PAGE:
©2014 MFMER | slide-9 Spirometry and the Obstructive pattern Asthma Chronic Bronchitis Emphysema
©2014 MFMER | slide-10 Spirometry and the Restrictive pattern Intrinsic lung disease IPF, sarcoidosis, etc. Extra-pulmonary Pneumothorax, pleural effusion, etc. Neuromuscular ALS, myasthenia gravis etc. Chest wall: obesity, scoliosis, kyphosis
©2014 MFMER | slide-11 Bronchial Provocation - Guidelines Evaluation of Chronic Cough Bronchial Provocation - Guidelines American Thoracic Society (ATS)American Thoracic Society (ATS) Guidelines for Methacholine and Exercise Challenge Testing ( Am J Respir Crit Care Med Vol 161. pp 309-329, 2000)Guidelines for Methacholine and Exercise Challenge Testing ( Am J Respir Crit Care Med Vol 161. pp 309-329, 2000) ATS-ERS are in the process of revising – possible release late 2014ATS-ERS are in the process of revising – possible release late 2014 Pulmonary Function Laboratory Management and Procedure ManualPulmonary Function Laboratory Management and Procedure Manual In revisionIn revision www.thoracic.orgwww.thoracic.org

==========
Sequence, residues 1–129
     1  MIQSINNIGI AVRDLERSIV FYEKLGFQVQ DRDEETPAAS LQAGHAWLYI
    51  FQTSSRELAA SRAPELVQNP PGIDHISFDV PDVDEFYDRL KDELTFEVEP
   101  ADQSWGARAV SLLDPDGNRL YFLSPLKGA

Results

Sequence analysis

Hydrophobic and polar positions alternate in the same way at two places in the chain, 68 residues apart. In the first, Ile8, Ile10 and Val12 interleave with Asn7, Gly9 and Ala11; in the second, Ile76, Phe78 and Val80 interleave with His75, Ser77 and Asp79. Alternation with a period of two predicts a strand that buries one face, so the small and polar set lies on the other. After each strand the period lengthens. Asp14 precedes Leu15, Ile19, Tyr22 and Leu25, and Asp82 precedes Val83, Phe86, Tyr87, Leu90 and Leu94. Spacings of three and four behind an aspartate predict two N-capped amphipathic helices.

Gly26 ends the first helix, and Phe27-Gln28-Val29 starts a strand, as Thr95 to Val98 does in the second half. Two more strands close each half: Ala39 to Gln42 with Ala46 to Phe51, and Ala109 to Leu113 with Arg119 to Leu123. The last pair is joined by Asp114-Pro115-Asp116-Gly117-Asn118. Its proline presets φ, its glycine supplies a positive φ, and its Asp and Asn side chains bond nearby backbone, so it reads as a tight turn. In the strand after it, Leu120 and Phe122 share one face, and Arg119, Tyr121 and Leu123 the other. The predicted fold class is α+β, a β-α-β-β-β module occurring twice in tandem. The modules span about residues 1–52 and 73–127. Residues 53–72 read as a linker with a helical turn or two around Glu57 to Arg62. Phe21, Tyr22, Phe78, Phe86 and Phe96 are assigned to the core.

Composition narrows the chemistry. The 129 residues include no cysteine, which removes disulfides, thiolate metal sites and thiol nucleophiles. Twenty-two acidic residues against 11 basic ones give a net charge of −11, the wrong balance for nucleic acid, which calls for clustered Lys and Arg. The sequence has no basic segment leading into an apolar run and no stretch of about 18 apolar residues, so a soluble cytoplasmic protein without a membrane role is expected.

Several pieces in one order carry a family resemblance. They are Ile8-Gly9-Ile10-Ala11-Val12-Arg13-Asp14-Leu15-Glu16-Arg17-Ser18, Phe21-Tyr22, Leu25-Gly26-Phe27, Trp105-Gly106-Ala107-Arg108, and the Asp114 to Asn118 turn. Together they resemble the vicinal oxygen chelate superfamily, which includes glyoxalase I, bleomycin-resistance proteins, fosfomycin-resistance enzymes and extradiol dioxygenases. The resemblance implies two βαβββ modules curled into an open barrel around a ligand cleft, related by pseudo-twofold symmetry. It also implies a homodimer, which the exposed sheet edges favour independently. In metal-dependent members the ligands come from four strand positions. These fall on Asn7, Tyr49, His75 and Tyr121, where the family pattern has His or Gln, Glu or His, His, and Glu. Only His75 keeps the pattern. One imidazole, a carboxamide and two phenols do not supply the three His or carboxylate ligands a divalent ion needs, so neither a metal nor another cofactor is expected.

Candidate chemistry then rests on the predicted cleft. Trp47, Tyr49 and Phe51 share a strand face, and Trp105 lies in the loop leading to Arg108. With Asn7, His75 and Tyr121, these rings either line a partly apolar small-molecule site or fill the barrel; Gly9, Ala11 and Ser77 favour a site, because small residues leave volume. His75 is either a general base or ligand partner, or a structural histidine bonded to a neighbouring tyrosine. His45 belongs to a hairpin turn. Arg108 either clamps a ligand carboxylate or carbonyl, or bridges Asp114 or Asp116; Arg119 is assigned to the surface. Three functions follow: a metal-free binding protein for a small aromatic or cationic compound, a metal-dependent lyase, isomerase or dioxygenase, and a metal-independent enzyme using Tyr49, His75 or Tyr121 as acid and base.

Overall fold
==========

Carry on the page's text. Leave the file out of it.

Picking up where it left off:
©2014 MFMER | slide-12 Challenge Testing Direct stimulus – Methacholine Challenge Effector cells Airway smooth muscle cells Airway smooth muscle cells Bronchial endothelial cells Bronchial endothelial cells Mucus producing cells Mucus producing cells Airflow limitation Indirect stimulus – Mannitol/Exercise Intermediary cells Inflammatory cells Inflammatory cells